The debate over fur is not a new one. In fact, animals-rights activists have been throwing red paint on those who wrap themselves in the material for years. And, pamphlets, commercials and viral videos have depicted the not so warm and fuzzy side of that beautiful jacket displayed in that storefront window. Well now, you may not see that jacket, or another one like it, in the near future. That is, if you reside in San Francisco. On Tuesday, the San Francisco Board of Supervisors voted 10-0 in support of an ordinance that would ban the sale fur in the city.
Rules and Regulations
In becoming the first U.S city to ban fur, Supervisor Katy Tang explained the decision with this sentiment,
“More than 50 million animals are violently killed each year around the world to support the fashion industry,” Tang said. “San Francisco is a city with progressive values where we believe in the rights of all people, as well as all living things and it is not right to allow this practice to continue.”
The ban will go into effect Jan. 1, 2019 and will no longer allow the sale of fur, as well as the manufacture of fur goods. The penalty of doing so would strike fear in the hearts of any business, as the first violation will cost up to $500 per item, per day from the commencement of the ordinance, reports The Huffington Post So, if someone thinks they’re slick and tries to keep selling, they could get away with it for some time. But, if authorities find one mink stole months later, the fines will be so large they’d rather jump in the Pacific Ocean and exile themselves to Alcatraz than face the consequences.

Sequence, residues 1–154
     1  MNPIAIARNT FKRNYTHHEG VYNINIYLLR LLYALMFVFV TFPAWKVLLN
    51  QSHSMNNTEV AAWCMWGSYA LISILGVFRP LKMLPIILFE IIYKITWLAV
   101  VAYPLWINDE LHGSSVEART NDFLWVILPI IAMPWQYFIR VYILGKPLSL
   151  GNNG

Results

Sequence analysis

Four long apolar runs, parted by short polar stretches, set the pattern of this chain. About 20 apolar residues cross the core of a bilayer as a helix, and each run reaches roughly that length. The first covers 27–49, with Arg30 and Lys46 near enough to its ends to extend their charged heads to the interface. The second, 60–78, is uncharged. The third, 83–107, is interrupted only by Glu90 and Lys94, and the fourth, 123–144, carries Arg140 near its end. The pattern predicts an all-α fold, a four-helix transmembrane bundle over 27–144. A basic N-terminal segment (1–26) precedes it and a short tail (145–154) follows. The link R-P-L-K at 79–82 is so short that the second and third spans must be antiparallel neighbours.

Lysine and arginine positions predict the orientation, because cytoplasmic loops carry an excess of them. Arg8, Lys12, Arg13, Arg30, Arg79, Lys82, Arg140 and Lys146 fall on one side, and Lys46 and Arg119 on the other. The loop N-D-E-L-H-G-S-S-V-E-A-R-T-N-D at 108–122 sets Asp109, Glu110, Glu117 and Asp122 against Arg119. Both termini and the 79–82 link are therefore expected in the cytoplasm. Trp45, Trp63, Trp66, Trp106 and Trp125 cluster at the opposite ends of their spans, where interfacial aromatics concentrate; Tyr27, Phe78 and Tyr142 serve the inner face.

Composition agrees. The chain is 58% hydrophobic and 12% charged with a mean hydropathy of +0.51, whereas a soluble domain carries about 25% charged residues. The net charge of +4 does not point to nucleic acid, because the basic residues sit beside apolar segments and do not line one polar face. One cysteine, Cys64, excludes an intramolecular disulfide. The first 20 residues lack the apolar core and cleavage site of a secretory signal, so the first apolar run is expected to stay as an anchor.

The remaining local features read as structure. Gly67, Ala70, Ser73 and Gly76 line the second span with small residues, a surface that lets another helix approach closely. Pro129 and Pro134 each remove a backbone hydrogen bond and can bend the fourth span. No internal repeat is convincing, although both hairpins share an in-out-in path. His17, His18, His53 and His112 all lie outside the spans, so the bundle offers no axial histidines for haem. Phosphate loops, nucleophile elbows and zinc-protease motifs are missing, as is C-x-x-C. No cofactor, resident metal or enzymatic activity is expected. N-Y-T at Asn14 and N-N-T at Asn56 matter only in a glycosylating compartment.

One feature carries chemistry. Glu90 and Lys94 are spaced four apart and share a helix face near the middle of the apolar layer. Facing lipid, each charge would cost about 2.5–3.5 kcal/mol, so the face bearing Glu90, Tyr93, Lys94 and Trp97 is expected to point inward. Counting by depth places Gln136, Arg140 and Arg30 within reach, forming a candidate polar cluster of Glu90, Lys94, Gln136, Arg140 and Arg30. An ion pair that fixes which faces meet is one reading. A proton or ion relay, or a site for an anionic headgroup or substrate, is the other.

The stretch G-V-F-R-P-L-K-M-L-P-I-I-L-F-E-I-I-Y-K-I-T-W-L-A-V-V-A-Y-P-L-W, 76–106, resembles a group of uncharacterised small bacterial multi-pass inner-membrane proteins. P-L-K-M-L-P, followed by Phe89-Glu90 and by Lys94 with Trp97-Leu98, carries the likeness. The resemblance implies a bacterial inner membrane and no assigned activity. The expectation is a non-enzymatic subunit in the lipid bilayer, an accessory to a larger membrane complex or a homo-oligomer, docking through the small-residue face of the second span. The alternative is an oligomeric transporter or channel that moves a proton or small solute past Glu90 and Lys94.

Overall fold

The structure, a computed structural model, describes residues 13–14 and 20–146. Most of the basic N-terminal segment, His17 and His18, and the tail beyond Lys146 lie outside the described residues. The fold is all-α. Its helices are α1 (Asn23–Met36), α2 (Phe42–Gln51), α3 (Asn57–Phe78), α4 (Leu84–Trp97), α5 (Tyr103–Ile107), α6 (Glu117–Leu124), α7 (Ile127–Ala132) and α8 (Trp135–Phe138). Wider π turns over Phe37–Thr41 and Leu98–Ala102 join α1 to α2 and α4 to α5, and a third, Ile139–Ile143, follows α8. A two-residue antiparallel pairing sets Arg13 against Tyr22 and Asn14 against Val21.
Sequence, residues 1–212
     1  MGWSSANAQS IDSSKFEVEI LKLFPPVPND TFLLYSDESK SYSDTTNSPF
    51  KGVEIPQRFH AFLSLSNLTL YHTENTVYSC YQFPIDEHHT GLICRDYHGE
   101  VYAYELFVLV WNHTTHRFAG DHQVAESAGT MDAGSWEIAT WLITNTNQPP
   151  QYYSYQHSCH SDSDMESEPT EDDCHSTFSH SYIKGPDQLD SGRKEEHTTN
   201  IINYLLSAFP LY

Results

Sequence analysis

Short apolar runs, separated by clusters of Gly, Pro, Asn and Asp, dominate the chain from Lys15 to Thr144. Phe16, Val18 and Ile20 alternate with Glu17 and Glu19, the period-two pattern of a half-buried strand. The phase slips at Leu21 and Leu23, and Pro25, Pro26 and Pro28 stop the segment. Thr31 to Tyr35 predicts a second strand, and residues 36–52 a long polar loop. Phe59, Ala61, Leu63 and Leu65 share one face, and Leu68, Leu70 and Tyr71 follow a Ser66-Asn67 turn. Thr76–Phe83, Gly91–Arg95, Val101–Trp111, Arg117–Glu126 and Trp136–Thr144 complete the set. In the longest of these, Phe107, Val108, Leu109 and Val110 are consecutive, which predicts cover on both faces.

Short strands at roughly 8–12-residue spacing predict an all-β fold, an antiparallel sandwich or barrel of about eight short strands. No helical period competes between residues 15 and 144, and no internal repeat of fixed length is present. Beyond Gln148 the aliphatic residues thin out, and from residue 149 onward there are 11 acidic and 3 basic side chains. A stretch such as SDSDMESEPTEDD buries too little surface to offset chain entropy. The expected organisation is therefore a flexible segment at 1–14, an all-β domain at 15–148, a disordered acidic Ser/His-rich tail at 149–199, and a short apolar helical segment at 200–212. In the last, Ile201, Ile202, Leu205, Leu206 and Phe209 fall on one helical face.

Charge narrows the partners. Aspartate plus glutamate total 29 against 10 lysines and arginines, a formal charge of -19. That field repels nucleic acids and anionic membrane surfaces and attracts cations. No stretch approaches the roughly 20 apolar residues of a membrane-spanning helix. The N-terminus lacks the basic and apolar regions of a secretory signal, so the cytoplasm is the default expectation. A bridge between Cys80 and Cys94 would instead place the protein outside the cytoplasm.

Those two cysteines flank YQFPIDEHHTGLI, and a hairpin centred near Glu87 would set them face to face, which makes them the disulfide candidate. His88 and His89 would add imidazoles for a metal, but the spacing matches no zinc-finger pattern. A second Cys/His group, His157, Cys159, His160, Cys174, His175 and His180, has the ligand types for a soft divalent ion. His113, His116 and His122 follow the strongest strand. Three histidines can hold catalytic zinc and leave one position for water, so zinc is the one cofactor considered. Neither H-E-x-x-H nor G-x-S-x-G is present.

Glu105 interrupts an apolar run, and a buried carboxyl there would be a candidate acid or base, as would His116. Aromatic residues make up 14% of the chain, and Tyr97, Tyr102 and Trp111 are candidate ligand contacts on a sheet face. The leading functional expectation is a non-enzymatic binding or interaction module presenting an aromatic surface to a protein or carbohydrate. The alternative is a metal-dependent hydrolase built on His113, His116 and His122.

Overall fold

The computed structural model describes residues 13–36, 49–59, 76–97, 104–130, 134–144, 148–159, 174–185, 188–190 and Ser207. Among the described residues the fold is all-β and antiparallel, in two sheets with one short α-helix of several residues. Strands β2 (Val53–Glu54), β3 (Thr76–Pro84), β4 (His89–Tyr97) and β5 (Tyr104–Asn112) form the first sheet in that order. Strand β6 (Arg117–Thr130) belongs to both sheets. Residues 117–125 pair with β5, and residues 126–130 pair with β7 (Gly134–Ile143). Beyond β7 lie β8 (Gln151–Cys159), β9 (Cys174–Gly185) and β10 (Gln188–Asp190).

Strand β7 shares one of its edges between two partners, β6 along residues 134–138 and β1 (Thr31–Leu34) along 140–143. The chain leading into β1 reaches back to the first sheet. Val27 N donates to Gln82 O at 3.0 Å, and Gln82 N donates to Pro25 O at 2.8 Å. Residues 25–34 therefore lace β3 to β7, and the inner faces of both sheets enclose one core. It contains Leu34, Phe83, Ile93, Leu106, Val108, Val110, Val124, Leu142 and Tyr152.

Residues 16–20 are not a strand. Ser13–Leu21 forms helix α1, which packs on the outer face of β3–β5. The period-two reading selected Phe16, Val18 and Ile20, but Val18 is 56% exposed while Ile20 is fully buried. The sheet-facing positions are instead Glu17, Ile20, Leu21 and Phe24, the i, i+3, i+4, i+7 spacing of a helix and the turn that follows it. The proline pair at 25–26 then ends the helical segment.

In the understanding that this can definitely impose on well-meaning businesses, the ordinance does include a one-year amnesty ending Jan.1, 2020. If retailers can show proof of purchase before Mar. 20, 2018, then they are in the clear.
“The Future of fashion is fur-free”
This may seem like a micro-change now, but it could easily end fur as a raw material. PETA senior vice president Dan Mathews told Sourcing Journal Online, “Since designers such as Gucci, Michael Kors and Versace have all ditched fur, it’s clear that the future of fashion is fur-free.” Even so, younger generations are big purveyors of faux-fur since they came of age during wide-spread awareness of what it takes to create their real equivalents. This is information that older generations did not have access to. In addition, faux products can be almost identical to their real counterparts, making them more desirable.
So, is the future of fashion fur-free? We may have to wait and see, but if San Francisco is any indication, it looks like it just may be.